Minimalist Packing for SE Asia – Adam’s Version

Embarrassingly, we’ve been on the road for two and a half months and I still haven’t written about one of the most amazing things about our trip: Adam’s impossibly tiny backpack. It’s only 15L, and weighs about 7.5lbs (3.4kg) depending on what he’s wearing at the time. This is smaller and lighter than the bag I used to carry back and forth to work every day.

Adam chose the small backpack size because, of course, that was what he already had available. What can I say, he’s a stoic minimalist who loves a challenge.

There are lots of benefits of having such a small bag. Aside from being a fantastic conversation starter with the locals, it’s convenient and safe to have a bag that never has to be out of your sight. Of course, figuring out the right set of things to bring took a big upfront time commitment, both in internet research and actual shopping at REI, Sierra Trading Company, and ExOfficio, but that’s paid for itself many times over with time and money we didn’t spend waiting for luggage and on checked bag fees. All the clothes have held up remarkably well over the past three months, too.

Pictured: All of Adam's clothes and shoes, except the undies. What kind of blog do you think this is?
Pictured: All of Adam’s clothes and shoes, except the undies. What kind of blog do you think this is?

Here are the entire contents of Adam’s small backpack, including every item that he brought for four months of travel in SE Asia.


  • Shirts: 3 wool t-shirts, one ExOfficio long sleeved collared shirt, one cheap Chang beer cotton t-shirt from Thailand
    • Shopping Note: Adam preferred 135 or 150 weight merino tees from Icebreaker or REI. The 180 weight was comparably too heavy. Buy them on sale or at Sierra Trading, when they go from the usual $80 down to $30-$50. Ladies, watch out though, my 150 weight wool shirt is a little see through. 
  • Bottoms: one pair of men’s khaki travel pants, one pair of gray everyday travel shorts, one pair of athletic shorts that doubles as a swimsuit, and two pairs of underwear (Why do all these singular clothing items come in pairs anyway?!)
    • Shopping Notes: For pants and shorts, Adam looked for lightweight fabrics that fit him, which can be tough when you’re 6’4″. For underwear, Adam specifically looked for odor resistant and quick drying so he could wash them in the sink. ExOfficio had the best reviews and were available on sale.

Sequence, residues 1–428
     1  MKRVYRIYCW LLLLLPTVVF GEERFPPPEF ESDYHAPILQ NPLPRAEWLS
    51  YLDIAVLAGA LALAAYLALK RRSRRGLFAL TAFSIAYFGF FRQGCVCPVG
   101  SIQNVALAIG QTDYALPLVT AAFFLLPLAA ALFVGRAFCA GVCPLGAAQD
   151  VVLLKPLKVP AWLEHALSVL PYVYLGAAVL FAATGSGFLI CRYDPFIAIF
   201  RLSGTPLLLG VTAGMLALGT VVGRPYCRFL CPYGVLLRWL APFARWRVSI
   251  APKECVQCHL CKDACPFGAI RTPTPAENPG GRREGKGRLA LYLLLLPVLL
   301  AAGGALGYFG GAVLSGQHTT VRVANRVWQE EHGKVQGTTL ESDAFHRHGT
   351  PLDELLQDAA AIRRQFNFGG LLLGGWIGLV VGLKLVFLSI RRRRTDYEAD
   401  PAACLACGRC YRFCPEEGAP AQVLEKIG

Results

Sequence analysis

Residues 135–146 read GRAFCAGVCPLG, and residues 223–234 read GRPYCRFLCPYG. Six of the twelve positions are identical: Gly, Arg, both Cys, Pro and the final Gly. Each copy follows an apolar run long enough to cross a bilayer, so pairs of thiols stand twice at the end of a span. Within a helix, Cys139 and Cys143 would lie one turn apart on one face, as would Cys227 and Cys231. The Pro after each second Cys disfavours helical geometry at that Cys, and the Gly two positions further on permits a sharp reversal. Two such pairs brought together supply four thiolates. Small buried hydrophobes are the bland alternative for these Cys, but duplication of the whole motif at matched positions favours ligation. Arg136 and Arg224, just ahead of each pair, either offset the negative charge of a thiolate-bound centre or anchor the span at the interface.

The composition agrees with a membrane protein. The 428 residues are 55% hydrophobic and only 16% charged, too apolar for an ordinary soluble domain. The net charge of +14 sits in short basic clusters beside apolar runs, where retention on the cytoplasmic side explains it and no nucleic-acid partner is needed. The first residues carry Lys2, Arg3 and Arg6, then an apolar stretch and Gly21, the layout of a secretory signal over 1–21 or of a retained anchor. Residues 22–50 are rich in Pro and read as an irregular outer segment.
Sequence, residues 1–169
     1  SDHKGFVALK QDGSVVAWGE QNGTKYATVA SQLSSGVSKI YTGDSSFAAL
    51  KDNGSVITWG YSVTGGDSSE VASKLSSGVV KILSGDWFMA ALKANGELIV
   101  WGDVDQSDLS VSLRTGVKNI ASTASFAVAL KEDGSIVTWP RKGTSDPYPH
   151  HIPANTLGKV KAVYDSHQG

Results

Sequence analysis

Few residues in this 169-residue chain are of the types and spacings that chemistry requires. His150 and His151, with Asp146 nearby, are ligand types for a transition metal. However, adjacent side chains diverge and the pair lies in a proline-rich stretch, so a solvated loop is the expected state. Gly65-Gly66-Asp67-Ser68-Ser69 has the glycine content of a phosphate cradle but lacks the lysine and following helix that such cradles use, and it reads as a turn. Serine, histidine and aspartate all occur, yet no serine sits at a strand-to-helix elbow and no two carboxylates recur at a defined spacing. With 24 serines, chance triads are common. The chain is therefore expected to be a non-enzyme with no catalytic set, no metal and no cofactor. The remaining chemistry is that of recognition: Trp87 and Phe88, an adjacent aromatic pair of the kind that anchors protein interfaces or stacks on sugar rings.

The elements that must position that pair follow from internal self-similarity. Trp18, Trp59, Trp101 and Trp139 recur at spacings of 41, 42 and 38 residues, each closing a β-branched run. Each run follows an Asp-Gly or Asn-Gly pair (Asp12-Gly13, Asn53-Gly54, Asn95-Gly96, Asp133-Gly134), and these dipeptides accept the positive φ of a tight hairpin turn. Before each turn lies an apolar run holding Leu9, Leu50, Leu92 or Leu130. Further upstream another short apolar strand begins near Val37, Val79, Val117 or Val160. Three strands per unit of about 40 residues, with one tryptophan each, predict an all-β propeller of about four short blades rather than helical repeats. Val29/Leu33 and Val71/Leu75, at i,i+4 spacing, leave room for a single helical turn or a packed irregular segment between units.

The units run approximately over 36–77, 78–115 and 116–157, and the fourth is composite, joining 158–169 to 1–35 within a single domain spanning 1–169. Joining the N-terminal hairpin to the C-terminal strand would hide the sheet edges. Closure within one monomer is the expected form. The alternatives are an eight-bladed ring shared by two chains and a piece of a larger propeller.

• Feet: Two pairs of lightweight wool socks, flip flops, and trail running shoes


Other Things

  • Electronics: Google chromebook and charger, kindle and charger, phone. We have one universal plug converter that we share when needed
  • Basic toiletries and sunscreen, one small bottle of all purpose soap for sink laundry
  • Passports (or copies of our passports, we keep those split up), and a few oversized ziplock bags to keep things separate

And ummm… that’s it! I have been slightly surprised to find that it’s worked pretty perfectly. There are two small changes Adam would make. First, he’d only bring one pair of socks. Second, he brought one heavier weight and slightly more fitted wool tshirt that he has worn less frequently because they others are slightly cooler (every little bit helps in the SE Asia heat). He’d either bring another light shirt since he would’ve been fine with just two tees, or swap that one out for a looser, lighter fit.

I’ve figured out four main reasons that Adam can get away with packing so lightly. (My bag is more than twice as big, though still only 33L, so this formula didn’t quite work for me.)

First and foremost, we are only really visiting one climate and we’re going as backpackers, so we don’t need much outfit variation, either in temperature or in fanciness. Shorts and flip flops are appropriate almost everywhere, with the notable exception of temples where everyone should cover their shoulders and knees.

Second, Adam did tons of research on fabric and made sure his clothes were odor-resistant, quick drying, and lightweight fabrics. Merino wool is his favorite. These clothes are more comfortable in the heat, pack small, and are easy to wash in the sink and hang dry overnight.

Third, Adam is comfortable or just refuses to admit discomfort in a wide variety of temperatures. He suffers through the heat like everyone else and never gets cold.

Finally, his Chromebook computer is exceptionally small and light.  It is a barebones machine but sufficient for anything web based, learning to code, and maybe writing a competing blog in the future. It was a steal at only $170. (This is one of the big weight and size differences between our two bags because my big old Dell laptop is huge and heavy.)

I’m sure Adam will keep looking for the next packing challenge now that the 15L system worked through SE Asia. If anyone wants specific details on Adam’s gear, get in touch with me and he will be happy to provide gory details. We’ll also keep experimenting as we roam around New Zealand. I’ve already supplemented my wardrobe with a thrift store hoodie. If anyone has minimalist packing tips for managing multiple climates, please let me know!  More to come soon on how my 33L backpack has worked out over our trip.

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